Please visit the Instructions for Authors page before submitting a manuscript. The Article Processing Charge (APC) for publication in this open access journal is 1200 CHF (Swiss Francs). Submitted papers should be well formatted and use good English. Authors may use MDPI's English editing service prior to publication or during author revisions.

Keywords

  • pandemic
  • making sense
  • religious innovations
  • fundamentalism
  • nones
  • globalization
  • health/science and religion
  • environment
  • online religion

Published Papers (9 papers)

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Research

Article
Stop the Spread: Gossip, COVID-19, and the Theology of Social Life
Religions 2021, 12(12), 1037; https://doi.org/10.3390/rel12121037 - 24 Nov 2021
Viewed by 1069
Abstract
Scholars, journalists, and activists alike have offered a variety of explanations to understand the high incidence of COVID-19 among Haredi Jewish communities in the United States and abroad. Despite their differences, each assumes that Haredi Jews are inherently collectivistic. This article challenges this [...] Read more.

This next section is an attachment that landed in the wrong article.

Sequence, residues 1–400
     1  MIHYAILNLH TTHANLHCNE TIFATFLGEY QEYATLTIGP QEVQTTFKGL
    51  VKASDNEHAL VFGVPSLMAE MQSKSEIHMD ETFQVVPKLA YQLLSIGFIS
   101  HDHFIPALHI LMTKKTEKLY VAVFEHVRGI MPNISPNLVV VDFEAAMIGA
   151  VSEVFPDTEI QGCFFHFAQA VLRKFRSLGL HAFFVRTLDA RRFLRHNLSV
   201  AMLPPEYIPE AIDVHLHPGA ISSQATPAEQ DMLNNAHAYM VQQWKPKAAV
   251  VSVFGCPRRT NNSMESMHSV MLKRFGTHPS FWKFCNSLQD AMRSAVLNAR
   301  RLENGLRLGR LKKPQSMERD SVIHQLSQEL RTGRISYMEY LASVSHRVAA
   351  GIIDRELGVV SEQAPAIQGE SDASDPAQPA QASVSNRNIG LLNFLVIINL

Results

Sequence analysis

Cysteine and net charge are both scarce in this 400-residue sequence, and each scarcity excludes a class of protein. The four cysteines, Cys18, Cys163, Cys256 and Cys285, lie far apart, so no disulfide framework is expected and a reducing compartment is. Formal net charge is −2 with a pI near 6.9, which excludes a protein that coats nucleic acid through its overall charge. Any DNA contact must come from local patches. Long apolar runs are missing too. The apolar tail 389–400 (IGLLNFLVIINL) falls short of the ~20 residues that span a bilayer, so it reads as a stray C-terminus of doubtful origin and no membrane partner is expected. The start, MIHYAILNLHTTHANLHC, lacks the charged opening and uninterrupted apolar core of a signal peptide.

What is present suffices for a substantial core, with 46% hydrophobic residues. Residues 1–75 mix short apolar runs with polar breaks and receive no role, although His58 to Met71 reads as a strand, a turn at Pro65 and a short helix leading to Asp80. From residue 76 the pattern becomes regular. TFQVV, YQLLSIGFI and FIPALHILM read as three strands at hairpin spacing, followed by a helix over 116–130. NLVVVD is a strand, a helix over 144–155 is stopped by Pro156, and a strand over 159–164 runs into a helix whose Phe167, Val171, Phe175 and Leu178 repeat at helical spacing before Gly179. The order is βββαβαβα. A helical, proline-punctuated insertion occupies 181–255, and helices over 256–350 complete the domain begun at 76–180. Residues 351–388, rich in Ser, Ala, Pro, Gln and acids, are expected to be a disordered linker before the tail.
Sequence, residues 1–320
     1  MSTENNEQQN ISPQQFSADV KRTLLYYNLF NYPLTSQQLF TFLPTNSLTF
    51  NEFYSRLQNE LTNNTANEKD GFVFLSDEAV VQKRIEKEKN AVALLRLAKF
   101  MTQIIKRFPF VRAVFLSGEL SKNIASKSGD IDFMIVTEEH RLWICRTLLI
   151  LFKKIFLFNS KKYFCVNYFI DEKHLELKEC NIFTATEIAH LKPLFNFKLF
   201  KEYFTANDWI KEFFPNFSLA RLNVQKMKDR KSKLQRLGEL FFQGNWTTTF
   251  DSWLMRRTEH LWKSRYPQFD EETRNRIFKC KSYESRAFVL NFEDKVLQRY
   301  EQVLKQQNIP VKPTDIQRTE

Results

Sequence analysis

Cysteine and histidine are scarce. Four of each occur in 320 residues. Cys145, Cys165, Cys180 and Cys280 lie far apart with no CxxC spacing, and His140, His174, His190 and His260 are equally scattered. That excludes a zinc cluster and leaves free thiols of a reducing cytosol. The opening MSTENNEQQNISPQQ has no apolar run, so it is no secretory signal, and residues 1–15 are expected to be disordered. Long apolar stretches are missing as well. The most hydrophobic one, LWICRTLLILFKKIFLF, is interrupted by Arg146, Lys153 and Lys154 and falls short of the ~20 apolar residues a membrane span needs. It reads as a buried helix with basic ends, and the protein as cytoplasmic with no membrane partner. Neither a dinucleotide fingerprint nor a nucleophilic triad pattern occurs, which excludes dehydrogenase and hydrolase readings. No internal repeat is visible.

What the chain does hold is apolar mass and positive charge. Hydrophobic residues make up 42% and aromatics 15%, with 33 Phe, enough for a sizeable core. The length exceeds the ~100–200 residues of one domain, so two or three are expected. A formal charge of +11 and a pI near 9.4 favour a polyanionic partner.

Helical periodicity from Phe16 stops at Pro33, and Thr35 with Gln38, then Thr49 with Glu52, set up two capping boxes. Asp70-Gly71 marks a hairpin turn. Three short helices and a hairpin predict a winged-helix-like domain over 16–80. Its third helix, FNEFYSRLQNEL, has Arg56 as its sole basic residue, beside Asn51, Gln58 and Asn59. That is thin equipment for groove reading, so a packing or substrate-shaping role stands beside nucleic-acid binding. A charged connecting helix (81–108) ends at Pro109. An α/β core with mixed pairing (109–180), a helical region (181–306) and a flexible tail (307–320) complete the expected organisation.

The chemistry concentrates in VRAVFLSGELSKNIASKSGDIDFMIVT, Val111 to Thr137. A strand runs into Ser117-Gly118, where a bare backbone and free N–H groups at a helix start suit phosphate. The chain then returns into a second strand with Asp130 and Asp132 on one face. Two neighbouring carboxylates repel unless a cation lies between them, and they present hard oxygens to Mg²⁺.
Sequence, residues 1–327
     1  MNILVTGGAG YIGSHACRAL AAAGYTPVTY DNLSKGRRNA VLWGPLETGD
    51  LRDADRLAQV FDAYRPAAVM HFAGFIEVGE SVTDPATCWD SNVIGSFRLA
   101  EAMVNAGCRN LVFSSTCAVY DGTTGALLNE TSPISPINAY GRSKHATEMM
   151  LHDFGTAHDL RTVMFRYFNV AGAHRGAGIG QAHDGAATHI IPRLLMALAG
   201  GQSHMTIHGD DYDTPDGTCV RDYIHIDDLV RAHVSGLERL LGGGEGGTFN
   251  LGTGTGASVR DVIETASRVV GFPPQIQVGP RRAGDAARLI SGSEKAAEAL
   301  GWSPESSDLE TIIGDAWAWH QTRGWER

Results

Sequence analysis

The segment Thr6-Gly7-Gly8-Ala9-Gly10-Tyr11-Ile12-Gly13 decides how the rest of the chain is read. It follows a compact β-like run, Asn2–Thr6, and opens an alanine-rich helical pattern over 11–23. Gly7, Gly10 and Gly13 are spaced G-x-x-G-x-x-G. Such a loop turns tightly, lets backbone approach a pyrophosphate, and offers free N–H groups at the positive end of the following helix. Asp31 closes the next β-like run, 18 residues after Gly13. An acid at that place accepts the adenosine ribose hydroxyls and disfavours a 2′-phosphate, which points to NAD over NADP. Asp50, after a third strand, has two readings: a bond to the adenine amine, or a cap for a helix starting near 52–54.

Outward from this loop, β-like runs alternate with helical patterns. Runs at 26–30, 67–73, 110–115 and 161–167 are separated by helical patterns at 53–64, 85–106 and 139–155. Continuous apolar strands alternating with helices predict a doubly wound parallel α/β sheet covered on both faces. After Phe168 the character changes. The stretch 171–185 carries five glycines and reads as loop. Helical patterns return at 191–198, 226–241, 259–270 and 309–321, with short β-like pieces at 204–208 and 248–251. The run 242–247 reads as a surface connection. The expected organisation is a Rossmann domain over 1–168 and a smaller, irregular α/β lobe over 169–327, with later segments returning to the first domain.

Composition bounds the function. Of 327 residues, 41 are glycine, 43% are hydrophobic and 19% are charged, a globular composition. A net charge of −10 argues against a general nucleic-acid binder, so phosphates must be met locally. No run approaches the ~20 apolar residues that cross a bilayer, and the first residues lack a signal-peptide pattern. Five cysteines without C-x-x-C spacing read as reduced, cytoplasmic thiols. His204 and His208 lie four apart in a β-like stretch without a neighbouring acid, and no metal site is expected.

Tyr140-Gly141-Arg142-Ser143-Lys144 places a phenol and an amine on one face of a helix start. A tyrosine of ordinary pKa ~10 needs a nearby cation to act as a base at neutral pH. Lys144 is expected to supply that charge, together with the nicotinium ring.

Scholars, journalists, and activists alike have offered a variety of explanations to understand the high incidence of COVID-19 among Haredi Jewish communities in the United States and abroad. Despite their differences, each assumes that Haredi Jews are inherently collectivistic. This article challenges this assumption and contends that COVID-19 has amplified pre-existing anxieties about the lack of proper social cohesion and solidarity within Haredi Jewish communities. It analyzes these dynamics through “Stop the Spread”, a Haredi “anti-gossip” campaign that links the ill health of social relations within the Haredi Jewish body politic to the spread of SARS-CoV-2 within its communities. Full article
(This article belongs to the Special Issue Pandemic, Religion and Non-religion)
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Article
Experts in Self-Isolation? Monastic Outreach during Lockdown
Religions 2021, 12(10), 814; https://doi.org/10.3390/rel12100814 - 27 Sep 2021
Viewed by 713
Abstract